Appetite: NYC Food Cheat Sheet, part two

During my latest visit to my beloved New York, I spent eight days gleefully eating my way around the city, as I have done in countless trips past. I am continually asked for NY recommends as many of us in the Bay Area are either East Coast transplants, do business in both cities, or are savvy frequent travelers. Check out my Perfect Spot newsletter-archives for much more NY food and drink, but now I bring you part two. (Check out part one here.) A mini-list of great eats in varying categories:

Taverna Kyclades – You won’t regret trekking to Astoria, Queens, for an unforgettable Greek seafood feast at Taverna Kyclades. The humble, convivial space feels like a casual seafood/fish house, which in fact, it is, serving family-style platters of Greek food. House bread arrives piping hot, addictive with olive oil or one of their house dips, like yogurt-garlic-cucumber ($5.50). Peasant salad ($7.50 small; $10.95 large) is plenty large, even as a small. Plump, red tomatoes, heaping amounts of onions and olives, and a big slab of  fresh feta cheese… a beautiful salad. Mythos beer washed down grilled sardines ($14.95) and lemon potatoes, tasting vividly lemony but with an almost unnatural yellow hue. Filet of sole stuffed with crab meat (19.75) was the one ok dish: old school, not the freshest crab, reminding me of the 1950’s style of seafood entrees you find at SF’s Tadich Grill. The piece de resistance is grilled octopus ($11.95), a succulent spread of plump invertebrates, envigorated by a squeeze of lemon. Opa!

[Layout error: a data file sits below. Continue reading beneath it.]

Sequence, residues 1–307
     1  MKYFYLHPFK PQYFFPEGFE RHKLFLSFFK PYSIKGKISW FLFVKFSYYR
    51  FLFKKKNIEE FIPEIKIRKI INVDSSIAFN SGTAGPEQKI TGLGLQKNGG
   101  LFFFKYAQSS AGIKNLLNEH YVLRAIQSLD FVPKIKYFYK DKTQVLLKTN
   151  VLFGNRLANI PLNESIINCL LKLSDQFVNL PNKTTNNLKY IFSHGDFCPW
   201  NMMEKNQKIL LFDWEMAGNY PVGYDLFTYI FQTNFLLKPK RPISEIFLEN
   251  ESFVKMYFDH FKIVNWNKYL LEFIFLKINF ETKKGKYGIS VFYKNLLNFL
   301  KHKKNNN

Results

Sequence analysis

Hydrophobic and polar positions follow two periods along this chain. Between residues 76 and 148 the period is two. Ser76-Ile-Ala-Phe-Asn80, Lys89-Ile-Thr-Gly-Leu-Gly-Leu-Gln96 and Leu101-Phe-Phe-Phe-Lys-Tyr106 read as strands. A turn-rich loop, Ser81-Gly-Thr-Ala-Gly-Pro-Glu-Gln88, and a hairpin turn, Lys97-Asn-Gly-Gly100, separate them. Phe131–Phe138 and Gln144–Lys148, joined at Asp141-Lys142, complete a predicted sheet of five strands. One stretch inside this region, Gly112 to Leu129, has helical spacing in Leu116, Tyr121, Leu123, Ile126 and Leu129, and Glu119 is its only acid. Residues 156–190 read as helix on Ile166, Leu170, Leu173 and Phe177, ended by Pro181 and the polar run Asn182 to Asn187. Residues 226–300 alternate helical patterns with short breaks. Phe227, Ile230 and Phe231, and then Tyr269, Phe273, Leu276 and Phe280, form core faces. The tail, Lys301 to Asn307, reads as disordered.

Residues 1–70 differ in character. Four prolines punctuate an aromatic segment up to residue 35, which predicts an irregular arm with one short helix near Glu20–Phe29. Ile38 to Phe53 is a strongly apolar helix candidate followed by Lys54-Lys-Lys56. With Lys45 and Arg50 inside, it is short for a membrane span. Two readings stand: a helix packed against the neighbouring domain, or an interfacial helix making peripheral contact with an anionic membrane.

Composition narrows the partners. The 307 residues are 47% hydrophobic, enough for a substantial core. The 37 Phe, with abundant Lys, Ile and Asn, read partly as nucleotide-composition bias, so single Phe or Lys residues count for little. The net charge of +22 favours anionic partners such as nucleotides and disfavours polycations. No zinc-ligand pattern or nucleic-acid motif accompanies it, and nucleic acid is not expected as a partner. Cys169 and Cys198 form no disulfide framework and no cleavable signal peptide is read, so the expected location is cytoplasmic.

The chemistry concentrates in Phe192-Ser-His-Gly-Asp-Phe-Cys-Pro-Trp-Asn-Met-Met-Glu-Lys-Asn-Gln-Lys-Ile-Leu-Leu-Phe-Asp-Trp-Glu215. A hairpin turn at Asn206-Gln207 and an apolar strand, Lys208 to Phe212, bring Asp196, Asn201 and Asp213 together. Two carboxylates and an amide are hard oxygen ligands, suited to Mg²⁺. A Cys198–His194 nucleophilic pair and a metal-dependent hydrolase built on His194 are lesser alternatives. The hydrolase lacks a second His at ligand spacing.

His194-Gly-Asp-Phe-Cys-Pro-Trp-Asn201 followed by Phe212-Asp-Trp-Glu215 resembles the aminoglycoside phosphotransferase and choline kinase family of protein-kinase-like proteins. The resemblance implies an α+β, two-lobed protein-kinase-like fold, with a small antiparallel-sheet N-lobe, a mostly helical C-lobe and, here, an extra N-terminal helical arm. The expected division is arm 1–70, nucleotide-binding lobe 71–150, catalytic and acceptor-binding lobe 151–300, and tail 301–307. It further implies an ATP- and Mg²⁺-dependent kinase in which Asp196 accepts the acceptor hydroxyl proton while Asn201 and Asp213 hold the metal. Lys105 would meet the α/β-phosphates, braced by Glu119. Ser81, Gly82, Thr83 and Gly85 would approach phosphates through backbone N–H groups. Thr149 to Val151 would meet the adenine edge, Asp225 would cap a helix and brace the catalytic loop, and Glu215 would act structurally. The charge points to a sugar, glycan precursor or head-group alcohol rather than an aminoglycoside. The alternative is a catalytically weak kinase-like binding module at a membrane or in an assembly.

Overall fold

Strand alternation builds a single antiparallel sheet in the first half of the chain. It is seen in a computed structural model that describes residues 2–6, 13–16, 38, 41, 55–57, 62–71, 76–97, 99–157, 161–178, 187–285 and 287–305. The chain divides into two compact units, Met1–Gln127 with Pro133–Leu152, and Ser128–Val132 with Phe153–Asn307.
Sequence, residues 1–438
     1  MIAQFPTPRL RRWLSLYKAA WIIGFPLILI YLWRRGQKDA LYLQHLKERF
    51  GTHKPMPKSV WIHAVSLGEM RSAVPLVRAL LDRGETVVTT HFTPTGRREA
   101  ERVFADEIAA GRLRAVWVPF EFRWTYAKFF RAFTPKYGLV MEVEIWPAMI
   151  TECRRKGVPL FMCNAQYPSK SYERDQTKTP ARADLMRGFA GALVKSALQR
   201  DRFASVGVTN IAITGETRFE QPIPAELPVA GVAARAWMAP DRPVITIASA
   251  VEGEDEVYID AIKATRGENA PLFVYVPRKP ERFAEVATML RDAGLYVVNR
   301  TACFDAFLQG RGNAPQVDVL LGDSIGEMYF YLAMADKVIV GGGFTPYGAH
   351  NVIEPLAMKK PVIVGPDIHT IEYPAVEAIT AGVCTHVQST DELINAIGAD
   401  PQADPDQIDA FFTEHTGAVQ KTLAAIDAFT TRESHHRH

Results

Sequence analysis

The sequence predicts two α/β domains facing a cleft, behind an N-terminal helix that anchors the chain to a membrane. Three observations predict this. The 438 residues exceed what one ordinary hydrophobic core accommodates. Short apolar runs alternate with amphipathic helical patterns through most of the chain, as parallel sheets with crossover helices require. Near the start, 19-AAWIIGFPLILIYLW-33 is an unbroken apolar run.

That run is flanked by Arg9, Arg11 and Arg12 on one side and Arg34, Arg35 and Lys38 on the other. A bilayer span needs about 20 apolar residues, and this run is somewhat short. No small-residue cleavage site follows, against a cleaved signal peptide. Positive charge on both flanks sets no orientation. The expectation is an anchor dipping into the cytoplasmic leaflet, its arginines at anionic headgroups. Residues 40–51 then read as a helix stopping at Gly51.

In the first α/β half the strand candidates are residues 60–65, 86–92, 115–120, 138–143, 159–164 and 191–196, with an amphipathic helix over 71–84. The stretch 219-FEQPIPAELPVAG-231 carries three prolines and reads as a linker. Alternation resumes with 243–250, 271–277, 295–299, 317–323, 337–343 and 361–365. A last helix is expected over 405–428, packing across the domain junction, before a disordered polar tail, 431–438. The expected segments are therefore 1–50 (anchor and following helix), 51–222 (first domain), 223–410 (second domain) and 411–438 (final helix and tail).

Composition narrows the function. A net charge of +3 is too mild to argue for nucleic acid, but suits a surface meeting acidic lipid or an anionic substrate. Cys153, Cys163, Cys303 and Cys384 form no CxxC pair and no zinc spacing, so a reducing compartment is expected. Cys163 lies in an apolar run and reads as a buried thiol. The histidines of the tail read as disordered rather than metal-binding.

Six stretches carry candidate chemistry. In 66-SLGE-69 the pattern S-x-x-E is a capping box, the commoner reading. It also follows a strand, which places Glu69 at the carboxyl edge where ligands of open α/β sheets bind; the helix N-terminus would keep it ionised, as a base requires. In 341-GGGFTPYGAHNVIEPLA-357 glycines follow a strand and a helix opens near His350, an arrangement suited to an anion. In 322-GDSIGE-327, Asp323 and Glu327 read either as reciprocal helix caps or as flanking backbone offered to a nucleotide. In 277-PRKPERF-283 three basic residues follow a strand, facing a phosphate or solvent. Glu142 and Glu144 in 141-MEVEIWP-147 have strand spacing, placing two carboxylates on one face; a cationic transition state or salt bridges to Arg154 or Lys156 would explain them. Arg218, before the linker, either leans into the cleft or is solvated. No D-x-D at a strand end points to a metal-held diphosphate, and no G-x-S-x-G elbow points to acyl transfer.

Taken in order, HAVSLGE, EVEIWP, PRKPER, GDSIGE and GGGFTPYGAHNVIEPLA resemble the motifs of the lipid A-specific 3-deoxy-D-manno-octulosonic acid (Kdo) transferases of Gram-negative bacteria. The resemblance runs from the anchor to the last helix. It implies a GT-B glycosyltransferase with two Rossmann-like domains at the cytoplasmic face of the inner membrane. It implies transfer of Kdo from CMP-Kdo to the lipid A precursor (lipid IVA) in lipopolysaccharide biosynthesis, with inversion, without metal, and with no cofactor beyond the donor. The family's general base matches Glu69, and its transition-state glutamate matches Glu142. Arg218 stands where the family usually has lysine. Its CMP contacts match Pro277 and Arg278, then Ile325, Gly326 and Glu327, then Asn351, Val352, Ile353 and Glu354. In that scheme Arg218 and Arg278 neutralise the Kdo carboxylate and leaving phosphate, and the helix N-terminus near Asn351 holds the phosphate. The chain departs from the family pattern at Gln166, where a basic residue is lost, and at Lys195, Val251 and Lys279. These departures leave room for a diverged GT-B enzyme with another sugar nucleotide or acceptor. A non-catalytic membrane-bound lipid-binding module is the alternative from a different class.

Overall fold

Lookin’ good at Luke’s

Luke’s Lobster Shack – In the heart of the East Village you’ll find Luke’s Lobster Shack, a humble hole-in-the-wall with a couple stools, take-out Maine seafood and a second location on the Upper East Side. Operating on principles of sustainability and New England authenticity, the prices are “cheap” for NY and for lobster rolls: get a whole Lobster Roll for $14 or an ideal “snack size” for $8. Loaded with buttery lobster from Maine and a light coating of mayo, it may not be my beloved (and the ultimate seafood stop) Pearl’s in the Village, but it’s a tasty steal. For an extra $2, get the roll with Maine Root Soda, Miss Vickie’s chips and a pickle.

Aquavit’s aquavit.

Aquavit Bistro – Aquavit, the restaurant through which chef Marcus Samuelsson left a mark on modern Scandinavian cooking, has become one of the great Scandinavian restaurants, a cuisine not easy to find in the US. I adore the region’s focus on fresh fish, salmon, caviar, herring and, of course, the namesake spirit, aquavit. Looking for deals, I dined in the spare, upscale IKEA bistro, versus the more stuffy, pricey dining room. Quality does not suffer in the bistro, while service is gracious and well-orchestrated. I ordered a $17 flight of three (or $7 each) of the house-infused aquavits, though narrowing down flavors was problematic, as all three were all lovely, from a crisp cucumber, hot mango-lime-chili, to my favorite: horseradish. Each dish delights and portions are generous. Gravlax is heaping slices of bright, cured salmon in hovmastar (a mustard/white vinegar based sauce) with dill and lemon. I equally fell for matjes herring: thin slices of herring with finely diced yellow beets, red onions and sour cream. Swedish meatballs were the best I’ve ever had, redolent with cinnamon and gentle spicing in the meat, piled next to whipped potato puree, pickled cucumbers, sweet lingonberries, and addictive cream sauce. This is a New York favorite and I’m more than a little sad not to have a place like it here in SF.